Louisville wide receiver DeVante Parker has been a hot name as the 2015 NFL draft approaches. The 6’3”, 209-pound receiver is coming off a spectacular but shortened season where he posted 855 yards in just seven games. He’s widely regarded by draft experts as a first-round pick.
He’s often listed as the third receiver behind Alabama receiver Amari Cooper and West Virginia receiver Kevin White. But is he being pushed up behind those two elite prospects because of class depth, or is he deserving of that company? I dove into Parker’s film to find how he wins and what skills translate best to the NFL.
It’s important to properly value Parker because of how the NFL is evolving. Receivers must be effective playmakers, but of the last five Super Bowl winners, only Hakeem Nicks of the New York Giants was a first-round pick. Unless a receiver is going to be an elite difference-maker, a first-round selection seems rich for the return.
By comparing what Parker does well against each White and Cooper, we can determine whether he is talented enough to be in that conversation. Even if he isn’t, he can certainly be a great NFL player. But we are looking to evaluate how good of a prospect he is and how he projects at the next level.
Where Parker Wins
Parker is certainly an explosive athlete. His combine measurements were very good overall. His best athletic comparisons include Cincinnati receiver A.J. Green, Jacksonville receiver Justin Blackmon and Minnesota receiver Cordarrelle Patterson.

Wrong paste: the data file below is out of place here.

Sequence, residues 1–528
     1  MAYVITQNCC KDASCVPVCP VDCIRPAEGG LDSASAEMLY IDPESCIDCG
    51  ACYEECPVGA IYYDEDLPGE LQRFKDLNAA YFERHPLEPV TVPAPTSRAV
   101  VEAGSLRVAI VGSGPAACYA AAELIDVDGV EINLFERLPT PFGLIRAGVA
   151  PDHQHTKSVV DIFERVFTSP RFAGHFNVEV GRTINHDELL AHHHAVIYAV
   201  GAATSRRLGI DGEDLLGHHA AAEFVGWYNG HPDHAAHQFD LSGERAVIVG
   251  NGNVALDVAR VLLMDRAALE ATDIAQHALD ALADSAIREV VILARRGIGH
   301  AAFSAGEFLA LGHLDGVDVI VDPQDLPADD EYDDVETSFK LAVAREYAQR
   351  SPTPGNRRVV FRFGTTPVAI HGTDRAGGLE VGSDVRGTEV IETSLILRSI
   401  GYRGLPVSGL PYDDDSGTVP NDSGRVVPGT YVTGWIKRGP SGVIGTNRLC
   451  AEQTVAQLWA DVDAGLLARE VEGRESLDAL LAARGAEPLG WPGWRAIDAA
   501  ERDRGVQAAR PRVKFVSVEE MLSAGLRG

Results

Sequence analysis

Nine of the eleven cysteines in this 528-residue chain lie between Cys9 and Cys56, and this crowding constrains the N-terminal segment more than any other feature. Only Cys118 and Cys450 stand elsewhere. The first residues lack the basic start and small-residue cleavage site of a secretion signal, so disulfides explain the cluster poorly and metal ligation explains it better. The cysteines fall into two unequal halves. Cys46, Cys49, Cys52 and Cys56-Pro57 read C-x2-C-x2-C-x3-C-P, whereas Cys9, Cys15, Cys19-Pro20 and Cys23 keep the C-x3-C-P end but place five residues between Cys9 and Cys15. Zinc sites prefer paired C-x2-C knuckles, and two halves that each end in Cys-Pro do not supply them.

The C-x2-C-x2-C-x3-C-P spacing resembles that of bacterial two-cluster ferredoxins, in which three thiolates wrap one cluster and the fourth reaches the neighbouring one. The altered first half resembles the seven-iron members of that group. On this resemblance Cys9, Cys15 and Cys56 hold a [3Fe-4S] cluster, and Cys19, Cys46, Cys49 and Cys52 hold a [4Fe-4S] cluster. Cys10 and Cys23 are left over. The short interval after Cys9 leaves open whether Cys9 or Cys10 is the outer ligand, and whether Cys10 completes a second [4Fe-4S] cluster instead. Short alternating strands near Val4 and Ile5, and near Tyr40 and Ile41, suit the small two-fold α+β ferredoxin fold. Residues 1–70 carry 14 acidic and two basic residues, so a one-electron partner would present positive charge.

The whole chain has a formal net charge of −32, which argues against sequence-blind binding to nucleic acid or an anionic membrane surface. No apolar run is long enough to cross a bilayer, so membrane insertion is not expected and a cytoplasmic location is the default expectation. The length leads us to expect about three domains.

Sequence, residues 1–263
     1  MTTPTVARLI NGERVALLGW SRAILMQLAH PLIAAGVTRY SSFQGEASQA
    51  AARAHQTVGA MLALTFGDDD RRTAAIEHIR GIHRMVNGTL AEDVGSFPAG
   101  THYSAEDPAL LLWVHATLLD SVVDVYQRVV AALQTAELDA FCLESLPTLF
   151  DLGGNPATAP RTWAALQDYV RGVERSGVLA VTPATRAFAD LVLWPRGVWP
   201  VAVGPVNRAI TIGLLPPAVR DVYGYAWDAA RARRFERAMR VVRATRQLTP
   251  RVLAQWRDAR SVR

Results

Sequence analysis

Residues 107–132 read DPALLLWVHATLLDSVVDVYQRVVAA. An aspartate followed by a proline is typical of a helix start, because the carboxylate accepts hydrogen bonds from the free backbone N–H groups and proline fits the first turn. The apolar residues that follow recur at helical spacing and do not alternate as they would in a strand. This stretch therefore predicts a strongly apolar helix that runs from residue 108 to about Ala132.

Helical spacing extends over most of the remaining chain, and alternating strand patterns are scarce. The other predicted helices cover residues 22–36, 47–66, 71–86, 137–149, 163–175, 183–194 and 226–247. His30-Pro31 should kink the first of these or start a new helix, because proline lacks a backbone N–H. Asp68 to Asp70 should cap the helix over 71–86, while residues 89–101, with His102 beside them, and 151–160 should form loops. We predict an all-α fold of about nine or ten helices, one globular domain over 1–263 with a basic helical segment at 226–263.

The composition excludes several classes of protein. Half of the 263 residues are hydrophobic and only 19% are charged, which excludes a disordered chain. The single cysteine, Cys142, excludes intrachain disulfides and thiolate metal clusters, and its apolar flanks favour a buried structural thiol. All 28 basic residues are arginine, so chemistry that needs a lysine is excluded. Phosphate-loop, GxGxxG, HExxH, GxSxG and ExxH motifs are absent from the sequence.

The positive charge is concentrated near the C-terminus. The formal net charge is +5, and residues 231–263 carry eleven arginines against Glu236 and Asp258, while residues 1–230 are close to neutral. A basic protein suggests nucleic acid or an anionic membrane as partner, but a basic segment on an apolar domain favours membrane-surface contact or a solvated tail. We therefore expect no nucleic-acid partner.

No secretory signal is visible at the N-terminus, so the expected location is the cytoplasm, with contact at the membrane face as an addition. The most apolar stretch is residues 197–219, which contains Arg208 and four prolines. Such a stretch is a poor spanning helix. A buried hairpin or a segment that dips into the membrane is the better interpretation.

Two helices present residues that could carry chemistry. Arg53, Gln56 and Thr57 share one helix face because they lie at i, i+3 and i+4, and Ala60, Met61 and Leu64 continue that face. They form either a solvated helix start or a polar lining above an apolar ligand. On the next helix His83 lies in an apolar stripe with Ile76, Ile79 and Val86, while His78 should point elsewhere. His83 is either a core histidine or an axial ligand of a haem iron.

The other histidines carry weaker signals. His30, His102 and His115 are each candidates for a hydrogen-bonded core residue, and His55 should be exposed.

|DeVante Parker Combine Performance|
|Height||Weight||40-yard dash||Vertical Jump||Broad Jump|
The most notable measurement is his leaping ability. At 6’3”, Parker posted an impressive 36.5” vertical jump. That explosiveness in his lower body is critical for him to win jump balls. He showed that ability on film as well, so the combine was able to check the box.
Winning at the catch point and reacting well to inaccurate throws is a must in the NFL. Even the elite quarterbacks struggle with ball placement on some passes, and receivers that can adjust mid-air are very valuable. Parker has the physical traits to execute on these plays.
There are times when Parker is absolutely brilliant as the ball arrives. Like the play above, Parker properly tracks the ball and leaps as it arrives into his catch radius. The throw was good, but Parker made sure the defender wouldn’t break up the pass.
Parker has the speed and frame to put cornerbacks in an impossible position. His 4.45 speed at the combine seems much faster than he plays, but Parker is quick off the line. Below is a good example of his quality quickness.